Homemaker Tips from the Past

In my work I have the opportunity to scan through newspaper reels from the past, searching for articles on the university. Often I scan and save “off-topic” articles for my enjoyment. Here is one from the Oklahoma Farm and Mineral Journal, December 13, 1906, page 9:

For the Homemaker

Right Way to Live Comfortably on Limited Income

The increased cost of living all over this country, especially in the large cities, has not been accompanied by a similar rise in the income for most wage earners,  and the already busy housemother finds additional responsibility in contriving to make ends meet.

How to live comfortably, lay by a little against the day of need, and at the same time live honestly in the sight of all men to one’s own conscience, is a problem that it takes brains to solve. In the majority of homes –praise be!– the husband is still, by the laws of nature, therefore, by divine appointment, wage-earner; but upon the woman rests the equal or greater responsibility of making the best possible use of the funds handed over to her for disbursement. With the same amount of money to draw upon, one woman who is a good manager may evolve a comfortable, homey home for her family, while another without taking proper thought for her part of the housekeeping proposition has everything running at “sixes and sevens.”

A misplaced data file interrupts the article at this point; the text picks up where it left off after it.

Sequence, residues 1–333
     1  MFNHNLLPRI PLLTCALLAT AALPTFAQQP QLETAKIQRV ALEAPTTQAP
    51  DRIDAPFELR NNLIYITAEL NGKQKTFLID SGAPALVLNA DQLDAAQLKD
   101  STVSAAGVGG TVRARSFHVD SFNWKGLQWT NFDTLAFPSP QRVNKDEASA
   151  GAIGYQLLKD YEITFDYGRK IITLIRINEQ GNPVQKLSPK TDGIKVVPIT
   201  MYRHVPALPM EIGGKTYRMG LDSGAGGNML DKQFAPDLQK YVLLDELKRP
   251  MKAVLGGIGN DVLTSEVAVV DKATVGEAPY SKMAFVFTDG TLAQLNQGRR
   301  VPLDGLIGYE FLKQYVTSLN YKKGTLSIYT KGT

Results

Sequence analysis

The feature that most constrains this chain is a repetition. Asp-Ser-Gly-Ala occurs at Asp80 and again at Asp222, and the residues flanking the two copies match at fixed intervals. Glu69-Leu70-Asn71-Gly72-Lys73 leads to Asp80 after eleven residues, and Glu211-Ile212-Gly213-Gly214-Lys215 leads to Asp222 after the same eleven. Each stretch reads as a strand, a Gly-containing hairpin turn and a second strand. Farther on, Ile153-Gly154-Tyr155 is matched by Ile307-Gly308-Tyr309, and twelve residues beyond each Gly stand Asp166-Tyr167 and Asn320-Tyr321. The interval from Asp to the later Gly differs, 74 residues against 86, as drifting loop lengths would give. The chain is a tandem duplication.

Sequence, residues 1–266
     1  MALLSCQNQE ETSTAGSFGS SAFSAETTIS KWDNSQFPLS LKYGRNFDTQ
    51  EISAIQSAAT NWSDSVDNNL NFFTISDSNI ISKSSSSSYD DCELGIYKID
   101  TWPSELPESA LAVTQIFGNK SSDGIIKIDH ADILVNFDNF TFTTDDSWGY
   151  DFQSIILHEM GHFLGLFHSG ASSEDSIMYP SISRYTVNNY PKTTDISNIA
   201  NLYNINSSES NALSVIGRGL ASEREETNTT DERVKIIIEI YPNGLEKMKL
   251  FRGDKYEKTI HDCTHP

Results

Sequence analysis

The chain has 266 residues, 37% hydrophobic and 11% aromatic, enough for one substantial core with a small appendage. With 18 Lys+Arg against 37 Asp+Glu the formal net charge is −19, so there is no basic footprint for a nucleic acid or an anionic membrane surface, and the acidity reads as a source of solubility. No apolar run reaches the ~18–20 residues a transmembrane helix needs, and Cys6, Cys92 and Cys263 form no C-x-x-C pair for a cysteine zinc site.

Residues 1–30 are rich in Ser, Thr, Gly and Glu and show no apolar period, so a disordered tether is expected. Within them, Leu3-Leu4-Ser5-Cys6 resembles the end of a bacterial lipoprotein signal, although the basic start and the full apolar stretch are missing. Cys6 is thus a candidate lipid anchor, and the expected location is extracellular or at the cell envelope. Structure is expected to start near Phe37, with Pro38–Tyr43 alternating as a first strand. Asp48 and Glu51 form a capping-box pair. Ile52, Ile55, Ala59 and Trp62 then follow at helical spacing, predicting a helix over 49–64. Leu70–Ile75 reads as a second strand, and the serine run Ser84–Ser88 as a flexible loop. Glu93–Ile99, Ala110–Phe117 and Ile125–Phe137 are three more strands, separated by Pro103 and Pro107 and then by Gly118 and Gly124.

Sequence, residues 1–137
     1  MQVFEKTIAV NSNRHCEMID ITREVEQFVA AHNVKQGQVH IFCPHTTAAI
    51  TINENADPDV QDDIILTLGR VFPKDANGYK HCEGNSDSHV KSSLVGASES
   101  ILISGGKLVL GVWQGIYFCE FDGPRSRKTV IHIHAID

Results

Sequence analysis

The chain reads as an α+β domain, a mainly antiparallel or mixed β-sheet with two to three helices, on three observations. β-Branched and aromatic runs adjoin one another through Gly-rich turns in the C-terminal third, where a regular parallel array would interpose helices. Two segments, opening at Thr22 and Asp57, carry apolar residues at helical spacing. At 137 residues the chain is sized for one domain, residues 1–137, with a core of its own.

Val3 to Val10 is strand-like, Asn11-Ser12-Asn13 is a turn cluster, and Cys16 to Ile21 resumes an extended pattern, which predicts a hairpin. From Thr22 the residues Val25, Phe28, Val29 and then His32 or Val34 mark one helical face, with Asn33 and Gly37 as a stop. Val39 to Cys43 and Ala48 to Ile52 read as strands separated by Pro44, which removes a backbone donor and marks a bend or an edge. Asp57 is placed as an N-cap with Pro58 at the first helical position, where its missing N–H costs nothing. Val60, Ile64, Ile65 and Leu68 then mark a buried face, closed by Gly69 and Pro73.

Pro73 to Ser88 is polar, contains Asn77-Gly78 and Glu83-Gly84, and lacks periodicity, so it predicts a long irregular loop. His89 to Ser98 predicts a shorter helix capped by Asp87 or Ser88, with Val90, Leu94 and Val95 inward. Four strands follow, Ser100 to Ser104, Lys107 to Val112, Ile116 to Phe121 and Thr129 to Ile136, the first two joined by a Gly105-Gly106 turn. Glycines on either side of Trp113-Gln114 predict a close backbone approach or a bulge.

In managing well on a limited income there are several “don’ts” worth memorzing:

Don’t go into debt; never spend a dollar until you have it in hand.

Don’t waste; it is the little leaks that more than the big outlays.

Don’t pattern your living after someone whose income is twice yours.

They Don’t Pay Your Bills.

Don’t be afraid of what the neighbors will say. Be sure you are right, then go ahead.

Don’t lose sight of the true proportion of things. Good food values there must be; ditto warm clothing, comfortable bedding, tools to work with; but never mind the silks and satins that oft “put out the kitchen fire” nor indulge in “ruffles when wanting a skirt.”

Don’t think if you are a young housekeeper that you must begin where your mother left off.

Don’t shirk. “When industry goes out the door, poverty comes in the window.”

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